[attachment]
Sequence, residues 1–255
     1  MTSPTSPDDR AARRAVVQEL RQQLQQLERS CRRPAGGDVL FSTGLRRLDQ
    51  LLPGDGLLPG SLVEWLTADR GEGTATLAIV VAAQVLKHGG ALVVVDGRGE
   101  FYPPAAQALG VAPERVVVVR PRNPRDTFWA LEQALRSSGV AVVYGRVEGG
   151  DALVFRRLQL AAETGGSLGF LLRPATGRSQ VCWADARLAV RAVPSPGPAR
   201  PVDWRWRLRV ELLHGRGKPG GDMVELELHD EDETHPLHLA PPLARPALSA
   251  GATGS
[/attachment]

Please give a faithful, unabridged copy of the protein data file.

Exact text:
Sequence, residues 1–255
     1  MTSPTSPDDR AARRAVVQEL RQQLQQLERS CRRPAGGDVL FSTGLRRLDQ
    51  LLPGDGLLPG SLVEWLTADR GEGTATLAIV VAAQVLKHGG ALVVVDGRGE
   101  FYPPAAQALG VAPERVVVVR PRNPRDTFWA LEQALRSSGV AVVYGRVEGG
   151  DALVFRRLQL AAETGGSLGF LLRPATGRSQ VCWADARLAV RAVPSPGPAR
   201  PVDWRWRLRV ELLHGRGKPG GDMVELELHD EDETHPLHLA PPLARPALSA
   251  GATGS